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Giant white-light flares on fully convective stars occur at high latitudes

Ekaterina Ilin; Katja Poppenhaeger; Sarah Jane Schmidt; Silva P. Järvinen; Elisabeth R. Newton; Julián D. Alvarado-Gómez; J. Sebastian Pineda; James R. A. Davenport; Mahmoudreza Oshagh; Ilya Ilyin

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<oai_dc:dc xmlns:dc="" xmlns:oai_dc="" xmlns:xsi="" xsi:schemaLocation="">
  <dc:contributor>Wolk, Scott</dc:contributor>
  <dc:creator>Ekaterina Ilin</dc:creator>
  <dc:creator>Katja Poppenhaeger</dc:creator>
  <dc:creator>Sarah Jane Schmidt</dc:creator>
  <dc:creator>Silva P. Järvinen</dc:creator>
  <dc:creator>Elisabeth R. Newton</dc:creator>
  <dc:creator>Julián D. Alvarado-Gómez</dc:creator>
  <dc:creator>J. Sebastian Pineda</dc:creator>
  <dc:creator>James R. A. Davenport</dc:creator>
  <dc:creator>Mahmoudreza Oshagh</dc:creator>
  <dc:creator>Ilya Ilyin</dc:creator>
  <dc:description>In a systematic analysis of fully convective stars observed with TESS, we detected four stars that displayed giant flares that were modulated in brightness by the stars' rapid rotation. The morphology of the modulation allowed us to directly localize these flares between 55° and 81° latitude on the stellar surface,  far higher than typical solar flare latitudes.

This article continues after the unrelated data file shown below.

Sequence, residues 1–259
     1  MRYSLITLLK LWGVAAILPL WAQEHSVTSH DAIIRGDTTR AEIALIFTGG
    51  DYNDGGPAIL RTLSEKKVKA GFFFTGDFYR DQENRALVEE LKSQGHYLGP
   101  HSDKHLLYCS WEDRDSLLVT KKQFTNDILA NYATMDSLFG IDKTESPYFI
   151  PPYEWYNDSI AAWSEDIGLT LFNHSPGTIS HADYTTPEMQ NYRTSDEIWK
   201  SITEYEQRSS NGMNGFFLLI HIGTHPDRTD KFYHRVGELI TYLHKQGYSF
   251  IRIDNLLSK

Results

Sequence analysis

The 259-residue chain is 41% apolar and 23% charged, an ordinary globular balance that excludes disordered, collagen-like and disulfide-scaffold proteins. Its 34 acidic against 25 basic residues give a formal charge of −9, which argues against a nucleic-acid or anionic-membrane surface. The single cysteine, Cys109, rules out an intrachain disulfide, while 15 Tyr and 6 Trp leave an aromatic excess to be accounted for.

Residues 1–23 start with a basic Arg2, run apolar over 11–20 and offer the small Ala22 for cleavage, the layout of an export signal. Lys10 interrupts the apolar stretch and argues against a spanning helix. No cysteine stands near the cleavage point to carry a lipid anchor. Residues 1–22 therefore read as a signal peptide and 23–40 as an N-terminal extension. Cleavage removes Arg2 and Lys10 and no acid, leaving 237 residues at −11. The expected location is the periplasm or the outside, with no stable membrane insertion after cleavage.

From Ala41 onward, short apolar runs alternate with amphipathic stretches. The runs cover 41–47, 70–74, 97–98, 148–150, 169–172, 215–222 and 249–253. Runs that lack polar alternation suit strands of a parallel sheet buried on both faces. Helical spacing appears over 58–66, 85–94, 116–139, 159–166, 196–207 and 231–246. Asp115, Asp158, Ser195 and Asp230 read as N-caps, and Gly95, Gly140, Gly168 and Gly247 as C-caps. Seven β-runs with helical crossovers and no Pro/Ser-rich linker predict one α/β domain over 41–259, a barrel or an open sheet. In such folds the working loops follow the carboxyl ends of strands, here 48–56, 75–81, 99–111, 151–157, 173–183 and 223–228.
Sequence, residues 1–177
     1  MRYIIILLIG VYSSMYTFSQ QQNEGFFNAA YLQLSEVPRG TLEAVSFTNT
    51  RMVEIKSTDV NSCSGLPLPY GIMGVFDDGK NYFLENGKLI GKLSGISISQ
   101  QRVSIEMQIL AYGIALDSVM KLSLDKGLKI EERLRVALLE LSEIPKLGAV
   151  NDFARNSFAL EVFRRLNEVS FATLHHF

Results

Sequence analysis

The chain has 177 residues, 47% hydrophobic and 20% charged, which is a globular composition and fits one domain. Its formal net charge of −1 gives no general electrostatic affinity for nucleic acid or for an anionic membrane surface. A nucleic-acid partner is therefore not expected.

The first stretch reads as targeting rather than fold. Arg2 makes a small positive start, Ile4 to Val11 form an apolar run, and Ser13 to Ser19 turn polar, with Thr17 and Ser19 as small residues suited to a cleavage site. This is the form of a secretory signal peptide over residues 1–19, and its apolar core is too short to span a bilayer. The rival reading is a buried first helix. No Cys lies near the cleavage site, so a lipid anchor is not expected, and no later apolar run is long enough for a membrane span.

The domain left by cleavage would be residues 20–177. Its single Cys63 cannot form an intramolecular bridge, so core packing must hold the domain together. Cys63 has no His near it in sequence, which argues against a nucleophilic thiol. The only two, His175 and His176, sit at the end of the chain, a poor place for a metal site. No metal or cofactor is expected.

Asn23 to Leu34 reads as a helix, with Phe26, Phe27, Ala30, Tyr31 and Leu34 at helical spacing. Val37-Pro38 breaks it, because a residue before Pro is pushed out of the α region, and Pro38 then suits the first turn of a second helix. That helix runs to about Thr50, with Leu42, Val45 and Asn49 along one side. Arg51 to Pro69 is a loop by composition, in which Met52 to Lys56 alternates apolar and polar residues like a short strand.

These findings are a. evidence that strong magnetic fields tend to emerge close to the stellar rotational poles for fully convective stars, and b. suggest that the impact of flares on the habitability of exoplanets around small stars could be weaker than previously thought.</dc:description>
  <dc:subject>Very low mass stars</dc:subject>
  <dc:subject>stellar activity</dc:subject>
  <dc:subject>stellar rotation</dc:subject>
  <dc:subject>stellar magnetic fields</dc:subject>
  <dc:subject>low-mass stars</dc:subject>
  <dc:title>Giant white-light flares on fully convective stars occur at high latitudes</dc:title>
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